— National Lampoon’s ‘Christmas Vacation’
Clark: So, when did you get the tenement on wheels?
Eddie: Oh, that uh, that there’s an RV. Yeah, yeah, I borrowed it off a buddy of mine. He took my house, I took the RV. It’s a good looking vehicle, ain’t it?
Clark: Yeah, it looks so nice parked in the driveway.
Eddie: Yeah it sure does. But, don’t you go falling in love with it now, because we’re taking it with us when we leave here next month.
Ok, maybe you’re not planning on crashing your relatives’ home on Christmas like Cousin Eddie, but perhaps the thought of piling the kids into a RV during the holidays is still an exciting prospect. It could even end up being an adventure no one in the family will ever forget!
You don’t want it to end up being a hassle, so before heading out over the river and through the woods, consider these helpful tips as you plan your family road trip in your mini house on wheels:
Choose Your RV Wisely
Bigger isn’t always better. Your first instinct might be to rent the largest vehicle you can find for your family, because there’s more storage space, living area, and beds. But those RVs can be tough to pilot and park, especially in the winter and depending on where you are going.
Generally speaking, a Class C motorhome is popular for its versatility. Class Cs are often built on a Ford E-Series chassis, which is the type of foundation found on vehicles like delivery trucks, ambulances, small moving vans, and airport shuttles. If you’re leaning towards a Class C, go for the smallest one that can comfortably accommodate the number of people in your group.
A small Class C (21-to-25 feet long) typically sleeps two to five people in three beds. They are maneuverable and compact enough to pull into smaller campgrounds. Make sure the taller people can stand up inside, however. A large Class C is a longer motorhome that sleeps four-to-seven people in three or four beds. These units are nice and roomy, but you’ll need to consider where you’ll park a bigger rig when you go into a grocery store, for example.
After giving a rental a shot, you may find that vacationing by RV is the way to go and may even decide to buy! In 2016, RV sales hit an all-time high since 2008, and families in particular are choosing RVing as a main form of vacationing because of lower interest rates, cheaper fuel, and tax-deductible interest.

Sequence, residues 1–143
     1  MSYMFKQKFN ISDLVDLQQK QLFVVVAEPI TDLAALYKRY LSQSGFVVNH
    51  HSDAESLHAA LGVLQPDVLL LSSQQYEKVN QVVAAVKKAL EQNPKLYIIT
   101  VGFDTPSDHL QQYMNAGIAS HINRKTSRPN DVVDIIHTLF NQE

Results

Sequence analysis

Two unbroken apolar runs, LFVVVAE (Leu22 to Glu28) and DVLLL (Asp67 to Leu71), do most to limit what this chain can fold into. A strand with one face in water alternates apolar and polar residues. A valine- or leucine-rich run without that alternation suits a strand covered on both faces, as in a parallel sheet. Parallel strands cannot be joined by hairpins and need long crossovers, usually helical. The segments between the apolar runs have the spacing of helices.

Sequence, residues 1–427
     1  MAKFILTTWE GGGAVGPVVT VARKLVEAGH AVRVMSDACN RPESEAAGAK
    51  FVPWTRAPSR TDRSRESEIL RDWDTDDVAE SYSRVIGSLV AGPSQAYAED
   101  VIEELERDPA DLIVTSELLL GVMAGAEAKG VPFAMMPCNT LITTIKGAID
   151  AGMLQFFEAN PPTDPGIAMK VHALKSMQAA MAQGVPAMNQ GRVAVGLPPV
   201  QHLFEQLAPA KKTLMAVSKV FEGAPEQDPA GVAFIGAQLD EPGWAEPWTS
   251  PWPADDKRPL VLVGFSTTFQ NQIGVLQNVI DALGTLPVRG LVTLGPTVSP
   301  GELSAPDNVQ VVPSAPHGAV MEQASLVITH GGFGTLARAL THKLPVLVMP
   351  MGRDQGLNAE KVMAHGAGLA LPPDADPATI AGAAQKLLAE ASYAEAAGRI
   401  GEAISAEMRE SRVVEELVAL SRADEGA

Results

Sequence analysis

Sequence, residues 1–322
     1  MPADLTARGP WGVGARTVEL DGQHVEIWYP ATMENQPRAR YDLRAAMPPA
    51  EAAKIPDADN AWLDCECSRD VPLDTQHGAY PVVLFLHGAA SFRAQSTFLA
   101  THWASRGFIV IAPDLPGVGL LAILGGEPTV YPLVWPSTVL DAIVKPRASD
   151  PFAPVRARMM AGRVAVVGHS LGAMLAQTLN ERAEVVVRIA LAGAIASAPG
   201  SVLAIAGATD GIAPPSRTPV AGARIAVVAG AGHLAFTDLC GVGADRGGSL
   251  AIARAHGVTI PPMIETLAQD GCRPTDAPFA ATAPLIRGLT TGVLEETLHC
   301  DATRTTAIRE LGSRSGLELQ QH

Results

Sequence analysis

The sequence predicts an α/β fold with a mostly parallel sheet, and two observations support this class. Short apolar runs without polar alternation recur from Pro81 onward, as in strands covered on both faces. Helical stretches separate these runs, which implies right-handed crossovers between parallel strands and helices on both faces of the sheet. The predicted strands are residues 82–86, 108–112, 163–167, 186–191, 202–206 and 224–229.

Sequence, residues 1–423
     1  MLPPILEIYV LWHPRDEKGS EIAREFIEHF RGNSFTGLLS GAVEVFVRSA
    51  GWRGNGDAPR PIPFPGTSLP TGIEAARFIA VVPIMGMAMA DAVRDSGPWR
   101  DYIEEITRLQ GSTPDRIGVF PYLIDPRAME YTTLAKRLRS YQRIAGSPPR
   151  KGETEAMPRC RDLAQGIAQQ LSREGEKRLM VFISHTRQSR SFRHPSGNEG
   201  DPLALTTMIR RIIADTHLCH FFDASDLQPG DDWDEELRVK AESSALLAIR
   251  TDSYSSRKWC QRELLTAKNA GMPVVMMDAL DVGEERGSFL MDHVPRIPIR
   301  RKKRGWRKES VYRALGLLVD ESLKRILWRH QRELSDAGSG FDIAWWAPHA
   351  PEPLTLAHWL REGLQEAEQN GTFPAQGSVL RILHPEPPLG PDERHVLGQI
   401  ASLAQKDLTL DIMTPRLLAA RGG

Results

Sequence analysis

Study Websites for RV Enthusiasts & Talk to People LIVE
You probably don’t want to ‘wing it’ when it comes to RV travel unless you want to be filled with fear-induced anxiety and stress. In the weeks leading up to your trip, study campground review sites, online RV forums, and watch videos either on your RV rental website or on YouTube.
Talk to the people at the RV rental company. They are the experts with pro tips. RV rookie Valerie Rains wrote an article for Budget Travel and found a lot of valuable information just by chatting with the folks at Cruise America, including:
- Pull far into intersections before making a turn
- Leave plenty of room for braking
- Always use a spotter when you back up
- Drive-through restaurants are just not worth the risk
- When to use battery power, propane, shoreline electricity and the generator
- How to restart a dead battery
- Why the propane tank should be turned off before refueling
- How to heat water for showers
- How to level out the rig with a pair of two-by-four boards if the campsite is on a slant
- How to empty the holding tank (a polite way of saying draining the toilet)
If you do your homework and ask questions you’ll be able to spend quality time with family instead of trying to figure out everything the hard way. Get all hands on deck!
Know What to Leave Behind
It’s a good idea to see what the storage space is like in the RV before going grocery shopping so you can determine what’s important and what’s not going to make the cut. Maybe you don’t need a full-sized Christmas turkey this year, because where you gonna put it, anyway? Determine what’s on the menu, what snacks to bring, and how many times you plan on going out during your trip.
Because cargo space is precious, you may want to consider going Christmas present shopping closer to your destination instead of hauling wrapped presents around the entire trip. Try going to a locally-owned outdoor recreation store to buy RV-appropriate gifts for everyone, like camping supplies, games, and winter gear. Or better yet, get gift cards to be used at a later date.
Taking a road trip may turn out to be more affordable than a standard airfare and hotel vacation, especially if you cook your own meals. But the one thing you can’t put a price on is creating memories and stronger family bonds. No matter where the road — snowy or not — takes you, have a very merry Christmas and enjoy your RV adventure.